- 7-Eleven plans to open six test stores across the U.S. to try out new concepts. One test involves a Laredo Taco Company restaurant. (7-Eleven owns Laredo Taco.) Also under test is a cafe serving coffee drinks and made-to-order smoothies and shakes. Another test includes wine and craft beer on tap for on-premise consumption or to go.
- Red Robin Gourmet Burgers will offer Donatos Pizza in its restaurants. Columbus, Ohio-based Donatos will sell its pizza in 24 Red Robin locations.
- Famous Dave’s financials improved during the company’s last quarter. The chain attributes, in part, its higher sales to newly renovated restaurants. The company encourages franchisees to invest $100,000 to $300,000 to update their restaurants, claiming the operators could recover the expense within two years.
- Corporate Stirrings: Papa John’s International has reached an agreement with John Schnatter, the firm’s founder and former chairman, to resign his seat on the chain’s board of directors. The agreement calls for the replacement to be acceptable to both Schnatter and Starboard Value LP. Starboard Value recently purchased 10 percent of Papa John’s. Schnatter reportedly still owns approximately 30 percent of the pizza chain. The sale of P.F. Chang’s to Paulson & Company and TriArtisan Capital is now official. The former owner was Centerbridge Partners. Terms were not disclosed but it had been reported the price was in the $700 million range. Casey’s General Stores Inc. acquired the Fantasy’s Convenience Stores and Ride The Wave car washes. All are in the Omaha metro area. Casey’s plans an extensive remodel for the stores so all locations can offer pizza, donuts, made-to-order sandwiches and other freshly made food items. Price of the deal was not given.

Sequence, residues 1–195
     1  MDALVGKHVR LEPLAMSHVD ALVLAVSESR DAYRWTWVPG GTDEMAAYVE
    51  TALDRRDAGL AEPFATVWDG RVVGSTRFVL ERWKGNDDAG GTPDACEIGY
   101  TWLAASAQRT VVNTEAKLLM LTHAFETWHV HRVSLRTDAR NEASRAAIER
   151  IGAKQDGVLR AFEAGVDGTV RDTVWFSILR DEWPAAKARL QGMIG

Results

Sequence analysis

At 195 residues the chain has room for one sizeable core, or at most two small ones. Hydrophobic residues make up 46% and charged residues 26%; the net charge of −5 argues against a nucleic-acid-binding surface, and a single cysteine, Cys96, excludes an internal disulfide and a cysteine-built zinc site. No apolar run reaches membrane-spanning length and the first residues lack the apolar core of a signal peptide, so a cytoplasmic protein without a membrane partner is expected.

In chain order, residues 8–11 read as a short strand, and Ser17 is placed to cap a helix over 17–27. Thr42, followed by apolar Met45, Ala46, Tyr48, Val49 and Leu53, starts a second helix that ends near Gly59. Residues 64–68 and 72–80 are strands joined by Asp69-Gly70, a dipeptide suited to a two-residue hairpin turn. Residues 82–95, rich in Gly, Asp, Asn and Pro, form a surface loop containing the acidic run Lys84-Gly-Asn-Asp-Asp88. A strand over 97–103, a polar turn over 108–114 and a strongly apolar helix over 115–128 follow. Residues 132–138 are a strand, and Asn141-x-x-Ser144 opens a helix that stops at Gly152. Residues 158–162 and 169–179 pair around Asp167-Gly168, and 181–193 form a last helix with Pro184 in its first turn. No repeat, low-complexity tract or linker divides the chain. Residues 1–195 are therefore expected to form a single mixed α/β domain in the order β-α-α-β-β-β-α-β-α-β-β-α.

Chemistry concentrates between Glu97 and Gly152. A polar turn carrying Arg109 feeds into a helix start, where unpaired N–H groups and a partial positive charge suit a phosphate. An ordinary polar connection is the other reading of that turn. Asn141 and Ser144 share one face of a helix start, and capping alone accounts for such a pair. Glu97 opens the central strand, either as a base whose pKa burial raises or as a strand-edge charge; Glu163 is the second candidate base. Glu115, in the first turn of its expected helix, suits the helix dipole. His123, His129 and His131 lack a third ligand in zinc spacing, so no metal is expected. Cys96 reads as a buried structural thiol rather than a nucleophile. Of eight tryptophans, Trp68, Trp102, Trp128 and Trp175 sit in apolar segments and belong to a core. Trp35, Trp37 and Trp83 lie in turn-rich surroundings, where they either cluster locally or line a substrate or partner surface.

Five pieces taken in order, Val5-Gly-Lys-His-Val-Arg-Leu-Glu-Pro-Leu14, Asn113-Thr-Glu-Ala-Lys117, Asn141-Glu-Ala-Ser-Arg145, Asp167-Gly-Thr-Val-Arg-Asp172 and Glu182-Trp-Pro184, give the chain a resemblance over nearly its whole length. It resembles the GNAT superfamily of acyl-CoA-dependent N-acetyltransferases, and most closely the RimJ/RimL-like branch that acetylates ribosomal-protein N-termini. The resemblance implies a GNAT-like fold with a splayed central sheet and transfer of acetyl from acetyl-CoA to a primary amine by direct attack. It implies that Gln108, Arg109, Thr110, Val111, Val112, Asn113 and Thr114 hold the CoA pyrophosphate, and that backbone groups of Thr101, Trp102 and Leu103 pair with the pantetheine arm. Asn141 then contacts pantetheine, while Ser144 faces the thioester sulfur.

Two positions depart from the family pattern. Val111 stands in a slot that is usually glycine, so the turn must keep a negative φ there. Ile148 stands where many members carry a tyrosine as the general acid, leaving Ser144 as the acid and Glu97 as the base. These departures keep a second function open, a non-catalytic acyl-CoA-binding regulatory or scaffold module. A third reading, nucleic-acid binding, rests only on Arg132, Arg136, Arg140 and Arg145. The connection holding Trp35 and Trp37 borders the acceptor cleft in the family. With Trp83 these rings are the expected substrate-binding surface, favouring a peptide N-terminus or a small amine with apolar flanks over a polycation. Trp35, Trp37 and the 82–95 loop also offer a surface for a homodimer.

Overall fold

- Comparable Store Sales Report: Bad Daddy Hamburgers up 0.2 percent Baskin Robbins down 3.7 percent, CEC Entertainment up 3.3 percent, Chuy’s Holdings up 0.9 percent, Diversified Restaurant Holdings up 2.2 percent, El Pollo Loco (System up 4.4 percent, company owned up 3.7 percent and franchised up 5.1 percent), Famous Dave’s (Company owned up 2.2 percent and franchised down 1.5 percent), Good Times Burgers down 5.2 percent, Habit Burger up 2.4 percent, Rave Restaurant Group (Five Pie Pizza down 3.6 and Pizza Inn up 2.7 percent) and Shake Shack up 2.3 percent.
For details and same store sales of other chains, please click here for the latest Green Sheet.